Interview with Brock Wilder

What is your writing process?
When it comes to writing erotica, I tend to look at my experiences and find a way to heighten them. I've been fortunate to have a number of amazing sexual experiences. I tend to find that my audience is more interested in my more wild sexual adventures than sex between two lovers.

I write without judgment and do it in scenes. I'll write until I feel that I have a short ebook worth of material. Afterwards, I'll let it sit for a few weeks. I'll read it again and revise. I continue to revise until I can't find any editing mistakes.
When you're not writing, how do you spend your time?
I like to spend my time both alone and amongst others. I spend a lot of time alone writing, doing yoga, and cooking. The rest of my time is spent amongst friends and lovers that I've been fortunate enough to meet around the world. Sometimes it's in person, sometimes it's online, but either way, it's always a pleasurable experience.
How do you discover the ebooks you read?
I love Twitter. Presently, I think it's the greatest way to find out about authors and their ebooks. I like to see what they tweet about and usually it informs me if I'll enjoy their writing style. Please follow me on Twitter @dirtysexynaught
What motivated you to become an indie author?
Professionally and personally, I thrive off of control. I wish I had a tale of sending out manuscript after manuscript and facing hundreds of letters of rejection. It's just not my style though. If I want something to happen, then I make it happen. I like that I am able to set my own prices, give away product for free, and interact directly with my audience.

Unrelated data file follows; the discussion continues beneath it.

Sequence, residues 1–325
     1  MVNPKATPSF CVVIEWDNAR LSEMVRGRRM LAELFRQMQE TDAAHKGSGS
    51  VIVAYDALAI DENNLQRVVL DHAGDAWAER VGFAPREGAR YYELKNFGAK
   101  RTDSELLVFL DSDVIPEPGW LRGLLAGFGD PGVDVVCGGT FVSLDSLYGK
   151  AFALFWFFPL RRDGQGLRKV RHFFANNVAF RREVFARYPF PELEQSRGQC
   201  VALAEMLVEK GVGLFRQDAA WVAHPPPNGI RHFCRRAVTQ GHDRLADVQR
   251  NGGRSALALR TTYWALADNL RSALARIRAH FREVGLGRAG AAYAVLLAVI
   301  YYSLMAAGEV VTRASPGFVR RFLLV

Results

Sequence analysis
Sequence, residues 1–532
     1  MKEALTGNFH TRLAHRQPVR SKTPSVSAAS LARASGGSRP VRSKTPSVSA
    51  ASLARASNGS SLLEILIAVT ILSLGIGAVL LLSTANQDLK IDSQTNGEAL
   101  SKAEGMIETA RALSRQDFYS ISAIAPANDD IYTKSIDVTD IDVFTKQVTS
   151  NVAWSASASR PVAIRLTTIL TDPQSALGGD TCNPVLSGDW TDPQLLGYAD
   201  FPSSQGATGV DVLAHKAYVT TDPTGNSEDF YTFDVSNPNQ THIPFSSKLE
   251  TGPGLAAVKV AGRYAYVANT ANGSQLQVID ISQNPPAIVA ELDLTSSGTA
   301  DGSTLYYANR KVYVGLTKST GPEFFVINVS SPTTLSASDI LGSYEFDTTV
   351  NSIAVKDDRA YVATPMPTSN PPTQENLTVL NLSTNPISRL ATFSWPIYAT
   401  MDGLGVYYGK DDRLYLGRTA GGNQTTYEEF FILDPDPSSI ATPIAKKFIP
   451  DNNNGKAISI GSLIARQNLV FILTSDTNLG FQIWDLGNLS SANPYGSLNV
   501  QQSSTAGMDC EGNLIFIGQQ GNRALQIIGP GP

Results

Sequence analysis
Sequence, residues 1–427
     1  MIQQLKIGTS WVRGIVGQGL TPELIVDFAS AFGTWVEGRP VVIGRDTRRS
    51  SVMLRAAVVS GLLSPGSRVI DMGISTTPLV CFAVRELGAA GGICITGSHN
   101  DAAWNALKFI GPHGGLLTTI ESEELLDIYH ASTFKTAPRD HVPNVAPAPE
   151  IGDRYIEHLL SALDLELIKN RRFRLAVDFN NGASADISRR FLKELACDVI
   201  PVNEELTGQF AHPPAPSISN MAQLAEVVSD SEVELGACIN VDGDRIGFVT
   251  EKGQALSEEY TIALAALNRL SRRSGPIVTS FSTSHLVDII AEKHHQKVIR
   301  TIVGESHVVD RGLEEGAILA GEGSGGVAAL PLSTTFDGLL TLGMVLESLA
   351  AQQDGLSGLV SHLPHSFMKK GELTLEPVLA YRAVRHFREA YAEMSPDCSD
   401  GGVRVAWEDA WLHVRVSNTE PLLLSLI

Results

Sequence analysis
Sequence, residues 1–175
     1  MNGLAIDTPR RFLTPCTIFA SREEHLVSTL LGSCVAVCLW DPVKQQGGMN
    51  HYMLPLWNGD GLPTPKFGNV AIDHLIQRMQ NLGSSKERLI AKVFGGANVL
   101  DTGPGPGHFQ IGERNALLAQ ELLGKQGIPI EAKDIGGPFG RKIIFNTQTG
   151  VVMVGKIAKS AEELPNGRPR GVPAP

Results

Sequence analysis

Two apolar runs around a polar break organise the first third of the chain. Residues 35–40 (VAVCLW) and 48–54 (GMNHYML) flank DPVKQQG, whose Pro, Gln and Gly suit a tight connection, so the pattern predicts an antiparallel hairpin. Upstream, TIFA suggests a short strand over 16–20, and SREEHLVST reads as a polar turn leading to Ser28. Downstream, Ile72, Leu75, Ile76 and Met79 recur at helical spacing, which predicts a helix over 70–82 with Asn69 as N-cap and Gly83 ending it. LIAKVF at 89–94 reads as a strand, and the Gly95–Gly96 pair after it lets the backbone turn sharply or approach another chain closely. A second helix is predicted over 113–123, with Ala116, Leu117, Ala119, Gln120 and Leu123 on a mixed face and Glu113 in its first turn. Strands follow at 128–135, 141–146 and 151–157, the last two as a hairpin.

Plus, I really like the efficiency of this process. A publisher will spend months revising, creating a marketing plan, etc. I can have a book written and to market in less than a month.
Why do you write erotica?
I'm a self professed lover of sex. Many put it bluntly by calling me a slut. I wear that label with pride and there's no shame attached to it. I think it's important that people express their sexuality and writing erotica is one way for me to do so.

I think it's silly to make sex only a private discussion between partners. If you're going to be in my social circle, you need to be comfortable with talking about your sex life. I feel that creating this comfort around the topic allows us all to expand our sexuality.
What do you read for pleasure?
I love to read erotica and continuously am on the lookout for new stuff. I think it's important to read your own genre, get inspired by others, and know what you don't want to do.

As well, I'm a sucker for a easy to read thriller. One that you can start late in the evening and have it finished just after midnight.
Do you remember the first story you ever wrote?
The earliest story that I can recall was about my pet dinosaur, who was a T-Rex. It was likely a Clifford, the big red dog, knock off. Or an indicator that I would be into things that came in large sizes. ;)
Where did you grow up, and how did this influence your writing?
I grew up in Canada and I think this influences me in being free to be who I want to be. Yes, that sounds cheesy. I'm aware of it. My experience of Canada is that it's incredibly unique and there's no real way to describe it. This encompasses me and my writing. Plus, everyone is so polite there that it enabled a freak like me to get away with more than I should have.
How do you approach cover design?
I'm no good at cover design, so I'm really grateful to my cover designers. I love a simple cover with a sexy guy on the front. That's my only requirement. The designer then has free will to do as they please.
Should gay erotica only be written by gay authors?
It's an interesting question and I think it's really a personal choice. I really love to read non-fiction and to personally know someone's story and journey.

When I see gay erotica written by a non-gay author, I wonder their inspiration for doing so. Sometimes, you can find that in the about the author section. As well, I'm in full support of people using their creativity to the absolute fullest.

The only authors that I don't respect are those that are hoping to profit off of the gay erotica market.
Published 2014-04-08.
Smashwords Interviews are created by the profiled author, publisher or reader.